Regarding these issues, in a prospectively recruited study in patients with NSTE-ACS who underwent coronary angiography, we evaluated the role of presentation NLR in predicting SYNTAX score.


Materials and Methods

Study population and design

In this prospective study, we enrolled 202 consecutive patients who were hospitalized for NSTE-ACS and had undergone percutaneous coronary intervention in our tertiary level cardiovascular hospital from March 2018 to March 2019. Patients with hematologic diseases, autoimmune disorders, active or chronic infectious diseases, hepatic cirrhosis, severe valvular diseases, and those who were pregnant were excluded from this study. Research ethics committee of Tabriz University of Medical Sciences reviewed the study protocol and approved this study. Regarding the descriptive nature of the study, it was exempt from obtaining informed consent. However, complete patient privacy was protected in all steps of the study.

Demographic information, past medical history, laboratory data, echocardiographic and angiographic findings of patients were entered into prepared questionnaires. Thrombolysis in Myocardial Infarction (TIMI) score was calculated for each patient using the TIMI scoring system. 10

The NLR of patients on presentation was classified into three tertiles and compared regarding the basic clinical information, echocardiographic and angiographic findings. The association of presentation NLR with subsequently calculated SYNTAX score in angiography was investigated in both univariate and multivariate linear regression analysis. The association of NLR with SYNTAX score was also investigated with adjustment for TIMI risk score which is also readily available on patient presentation.

Angiographic examination

The standard femoral approach with a 7-Fr guiding catheter was employed for percutaneous coronary intervention. A certified cardiologist who was blinded to the patient information reevaluated the digital angiographic records before angioplasty and calculated the SYNTAX score for each patient. The SYNTAX score was calculated using the standard SYNTAX scoring algorithm. 11,12

Laboratory examination

On presentation of patients to the emergency room, the venous blood was collected in citrated tubes having potassium ethylenediaminetetraacetic acid as an anticoagulant. Automated and daily-calibrated Coulter CBCH1 counter was used by the hospital laboratory to determine total white blood cell count, neutrophil count, and lymphocyte count. NLR was defined as an absolute neutrophil count per mm3 of blood divided by the absolute lymphocyte count per mm3 of blood.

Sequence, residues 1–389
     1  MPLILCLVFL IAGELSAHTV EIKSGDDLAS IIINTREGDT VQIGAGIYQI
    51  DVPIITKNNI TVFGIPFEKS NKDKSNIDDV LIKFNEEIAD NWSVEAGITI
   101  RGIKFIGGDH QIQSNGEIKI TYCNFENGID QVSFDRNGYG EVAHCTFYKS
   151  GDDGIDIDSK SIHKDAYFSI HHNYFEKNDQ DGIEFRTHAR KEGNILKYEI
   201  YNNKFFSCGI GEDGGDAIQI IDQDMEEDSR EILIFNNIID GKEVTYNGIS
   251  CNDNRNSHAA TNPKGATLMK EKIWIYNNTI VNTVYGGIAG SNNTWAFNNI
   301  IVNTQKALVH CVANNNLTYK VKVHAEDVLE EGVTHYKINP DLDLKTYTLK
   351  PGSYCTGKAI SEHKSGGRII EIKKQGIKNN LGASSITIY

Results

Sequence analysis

Statistical analysis

Baseline characteristics are presented as frequency and percentage for categorical variables and mean with standard deviation or median with 25%-75% interquartile range for continuous variables. Comparison of categorical variables was made by chi-square test or Fischer’s exact test as appropriate. Comparison of continuous variables with normal distribution was made by independent student t test, or ANOVA test and comparison of continuous variables with non-normal distribution was made by Mann–Whitney U test or Kruskal–Wallis test as appropriate. The comparison of study variables was made between low, intermediate, and high NLR groups. The association of study variables with the SYNTAX score was investigated in univariate linear regression analysis. In two separate multivariate linear regression analyses, the association between NLR and SYNTAX score was determined after adjustment for covariates in linear regression analysis. The significant predictors of SYNTAX score in the univariate analysis which are available on patient presentation in addition to patient’s sex, which is shown to be influential on NLR in a healthy population 13 were entered into multivariate analysis. Statistical significance was determined using a 2-sided alpha level of 0.05. IBM SPSS Statistics software version 22 was used for analyzing data.


Results

Patient characteristics

The mean age of the patient population was 62.0  ±  10.7 years. Among 202 patients 69.3% were male, and 30.7% were female. The mean NLR value in our sample was 3.44  ±  3.22 and the median (25%-75% interquartile range [IQR]) was 2.20 (1.50-3.60). Based on the NLR tertile, patients with NLR value of less than 1.7 was considered as low NLR group. Patients with NLR value of ≥1.7 to < 3 were considered as intermediate NLR value and patients with NLR value of ≥3 were considered as high NLR value. The mean SYNTAX score was 17.73  ±  10.16 and the median (25%-75% IQR) was 17 (9-25). In 86 patients (42.6%) involvement of three coronary arteries or left main coronary artery was present in the coronary angiographic examination. One-vessel involvement and two-vessel involvement was present in 49 patients (24.3%) and 67 patients (33.2%), respectively.